The definition of overpronation receives a lot of controversy in running and sports medical communities and there's a quite a bit of confusion and hype about that. Pronation is actually a normal movement where the rearfoot rolls inwards along with the arch of the foot flattens. We require this movement for normal biomechanics. Overpronation is when there is too much of this motion. The dilemma is that there isn't a agreement about what is normal and what's too much. The reason why it is important is that often overpronation has long been in principle linked to a huge variety of excessive use injuries in runners. As there is a shortage of evidence as to exactly what is normal, the literature is often rather perplexing on this. Quite a few studies have shown that overpronation, no matter how you decide to define this, is a risk factor for injury. Additional scientific studies have shown that it’s not a risk factor.

In the past running footwear were used based on how much the foot pronated. Those who overpronated would have a running shoe that was meant to stop that abnormal motion. Runners that had more normally aligned feet would've been sold a more neutral running footwear. Runners with a lot of the reverse motion might have been given running footwear with increased shock reduction. While this is still widely used inside the running shoe industry, the published research evidence does not support this approach.

If you have a number of scientific studies on a subject that seem to be contradictory and perplexing then scientists like to do systematic reviews and a metaanalysis that is meant to be a cautious review of all of the research without having any systematic bias. Just the better studies should be as part of the analysis that could give more weight to the standard of the study. If these analyses are done about the subject of overpronation in athletes then they commonly conclude that, yes, overpronation is really a risk factor for a running injury in runners, however it is only a modest risk factor. It's still statistically significant. These outcomes additionally suggest that there are many other factors rather than overpronation which can be a risk for a running injury.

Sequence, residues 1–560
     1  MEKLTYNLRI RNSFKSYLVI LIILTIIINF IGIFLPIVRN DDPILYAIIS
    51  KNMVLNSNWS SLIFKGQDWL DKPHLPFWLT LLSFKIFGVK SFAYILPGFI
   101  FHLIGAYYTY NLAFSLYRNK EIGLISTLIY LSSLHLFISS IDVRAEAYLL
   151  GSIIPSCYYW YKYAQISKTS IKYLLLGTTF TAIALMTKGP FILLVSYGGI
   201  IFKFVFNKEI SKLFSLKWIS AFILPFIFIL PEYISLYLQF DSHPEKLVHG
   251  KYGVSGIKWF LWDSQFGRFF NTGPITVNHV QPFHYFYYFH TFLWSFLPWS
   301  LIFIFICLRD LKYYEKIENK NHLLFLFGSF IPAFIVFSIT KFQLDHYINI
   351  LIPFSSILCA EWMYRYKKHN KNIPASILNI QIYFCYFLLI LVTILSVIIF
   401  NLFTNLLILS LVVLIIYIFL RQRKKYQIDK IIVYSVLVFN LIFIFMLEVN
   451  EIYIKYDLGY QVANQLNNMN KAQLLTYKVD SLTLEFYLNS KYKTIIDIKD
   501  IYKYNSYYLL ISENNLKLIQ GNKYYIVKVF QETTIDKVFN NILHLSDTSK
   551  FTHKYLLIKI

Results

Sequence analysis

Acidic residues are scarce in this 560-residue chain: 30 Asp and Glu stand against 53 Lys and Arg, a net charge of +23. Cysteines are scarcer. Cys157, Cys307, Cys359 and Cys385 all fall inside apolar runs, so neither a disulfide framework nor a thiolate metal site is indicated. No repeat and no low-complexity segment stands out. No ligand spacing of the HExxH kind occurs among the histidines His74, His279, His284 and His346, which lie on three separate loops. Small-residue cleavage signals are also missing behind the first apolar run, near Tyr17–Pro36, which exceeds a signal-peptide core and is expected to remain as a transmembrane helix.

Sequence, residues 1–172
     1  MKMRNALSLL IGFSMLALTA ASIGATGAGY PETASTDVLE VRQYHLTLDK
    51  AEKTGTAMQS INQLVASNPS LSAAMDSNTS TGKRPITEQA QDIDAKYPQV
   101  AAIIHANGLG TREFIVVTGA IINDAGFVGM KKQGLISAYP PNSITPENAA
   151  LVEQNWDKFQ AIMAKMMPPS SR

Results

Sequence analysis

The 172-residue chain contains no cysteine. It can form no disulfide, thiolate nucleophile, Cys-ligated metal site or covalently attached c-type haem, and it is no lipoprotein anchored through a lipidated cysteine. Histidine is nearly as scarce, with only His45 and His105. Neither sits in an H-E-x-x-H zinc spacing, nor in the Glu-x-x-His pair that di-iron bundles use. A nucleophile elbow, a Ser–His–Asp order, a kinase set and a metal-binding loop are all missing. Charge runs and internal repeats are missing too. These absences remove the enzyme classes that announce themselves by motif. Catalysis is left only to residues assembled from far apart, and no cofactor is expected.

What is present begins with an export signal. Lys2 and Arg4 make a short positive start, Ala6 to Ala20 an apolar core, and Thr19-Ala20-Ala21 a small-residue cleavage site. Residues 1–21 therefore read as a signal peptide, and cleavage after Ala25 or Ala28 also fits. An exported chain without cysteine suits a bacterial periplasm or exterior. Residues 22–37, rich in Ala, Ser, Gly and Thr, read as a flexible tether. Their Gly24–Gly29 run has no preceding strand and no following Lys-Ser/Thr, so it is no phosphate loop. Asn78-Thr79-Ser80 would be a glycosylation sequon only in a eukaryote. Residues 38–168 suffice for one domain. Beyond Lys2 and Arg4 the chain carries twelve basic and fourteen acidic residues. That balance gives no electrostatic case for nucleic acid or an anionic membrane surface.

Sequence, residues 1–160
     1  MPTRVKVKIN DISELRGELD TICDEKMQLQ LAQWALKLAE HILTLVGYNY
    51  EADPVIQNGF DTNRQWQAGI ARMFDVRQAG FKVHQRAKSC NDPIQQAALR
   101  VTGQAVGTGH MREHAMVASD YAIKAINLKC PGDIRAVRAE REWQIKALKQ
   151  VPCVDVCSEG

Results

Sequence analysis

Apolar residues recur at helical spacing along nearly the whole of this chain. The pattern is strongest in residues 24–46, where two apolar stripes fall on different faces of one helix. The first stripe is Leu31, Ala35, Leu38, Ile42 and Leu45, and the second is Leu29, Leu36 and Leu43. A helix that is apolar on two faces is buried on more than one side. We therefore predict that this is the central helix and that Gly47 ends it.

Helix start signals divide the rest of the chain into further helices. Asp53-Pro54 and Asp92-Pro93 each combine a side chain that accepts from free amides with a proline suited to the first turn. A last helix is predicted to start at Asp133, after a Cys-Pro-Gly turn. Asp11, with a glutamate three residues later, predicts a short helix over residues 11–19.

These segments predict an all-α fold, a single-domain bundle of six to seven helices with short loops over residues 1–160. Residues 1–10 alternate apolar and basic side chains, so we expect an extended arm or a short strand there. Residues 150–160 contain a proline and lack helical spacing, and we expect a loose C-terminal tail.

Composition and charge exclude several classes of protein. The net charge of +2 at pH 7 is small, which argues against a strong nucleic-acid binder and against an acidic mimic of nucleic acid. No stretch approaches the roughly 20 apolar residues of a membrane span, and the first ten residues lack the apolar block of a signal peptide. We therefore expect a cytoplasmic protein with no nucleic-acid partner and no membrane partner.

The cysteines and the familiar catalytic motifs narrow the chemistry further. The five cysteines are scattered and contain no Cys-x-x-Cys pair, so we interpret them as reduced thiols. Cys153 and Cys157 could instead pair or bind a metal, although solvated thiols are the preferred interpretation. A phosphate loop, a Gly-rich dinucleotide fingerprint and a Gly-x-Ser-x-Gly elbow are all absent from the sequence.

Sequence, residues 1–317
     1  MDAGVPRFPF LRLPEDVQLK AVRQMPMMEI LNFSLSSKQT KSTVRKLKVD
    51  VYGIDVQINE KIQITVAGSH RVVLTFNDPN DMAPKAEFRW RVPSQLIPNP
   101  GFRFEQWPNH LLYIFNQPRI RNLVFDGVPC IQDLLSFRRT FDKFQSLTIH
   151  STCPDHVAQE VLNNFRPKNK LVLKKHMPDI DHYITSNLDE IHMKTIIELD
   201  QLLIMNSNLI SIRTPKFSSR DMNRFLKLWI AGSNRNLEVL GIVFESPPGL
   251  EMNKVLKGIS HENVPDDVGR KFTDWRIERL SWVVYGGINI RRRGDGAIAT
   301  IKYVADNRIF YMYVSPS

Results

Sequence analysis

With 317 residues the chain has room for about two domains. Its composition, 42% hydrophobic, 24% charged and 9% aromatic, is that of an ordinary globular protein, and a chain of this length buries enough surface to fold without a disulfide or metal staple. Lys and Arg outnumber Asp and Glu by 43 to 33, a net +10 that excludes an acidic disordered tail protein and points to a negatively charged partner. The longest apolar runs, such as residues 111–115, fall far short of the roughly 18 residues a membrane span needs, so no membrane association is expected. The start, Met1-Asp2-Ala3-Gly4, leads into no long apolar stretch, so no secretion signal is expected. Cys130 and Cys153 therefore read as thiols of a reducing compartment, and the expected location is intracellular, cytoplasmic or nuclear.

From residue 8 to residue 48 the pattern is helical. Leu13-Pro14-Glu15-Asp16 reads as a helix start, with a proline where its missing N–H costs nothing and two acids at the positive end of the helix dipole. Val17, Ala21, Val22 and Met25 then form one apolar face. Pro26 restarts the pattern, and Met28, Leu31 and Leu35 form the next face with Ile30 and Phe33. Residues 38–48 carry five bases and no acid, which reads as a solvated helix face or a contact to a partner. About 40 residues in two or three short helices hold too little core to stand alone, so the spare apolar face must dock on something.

This definitely does leave the whole concept marked by controversy with lots of uncertainty. Overpronation is a modest risk factor for a running injury, even so the suggesting of running shoes depending on pronation just isn't supported. This really is complicated for health care professionals in terms of simply how much emphasis do they put on the overpronation in terms of the managing of a overuse injury or should they place more emphasis on the other factors. With the athletic shoes stores must they carry on and promote running footwear depending on the pronation paradigm? It's still the most frequently used framework and runners find out about this within their running mags and they do count on it. Usually athletes usually do not care exactly what the scientific research says. They simply have to get much better from their a running injury and so they just want running footwear which enables them to run better and is more comfortable. Far more investigation really should be done on this plus much more training is needed on the theory.